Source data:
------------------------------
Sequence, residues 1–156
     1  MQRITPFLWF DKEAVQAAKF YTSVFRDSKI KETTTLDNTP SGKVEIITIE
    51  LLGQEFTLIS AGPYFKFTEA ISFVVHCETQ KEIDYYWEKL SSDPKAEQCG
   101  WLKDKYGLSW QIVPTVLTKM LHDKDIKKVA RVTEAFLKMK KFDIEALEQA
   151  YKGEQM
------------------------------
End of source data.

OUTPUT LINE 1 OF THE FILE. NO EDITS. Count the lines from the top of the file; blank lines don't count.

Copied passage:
Sequence, residues 1–156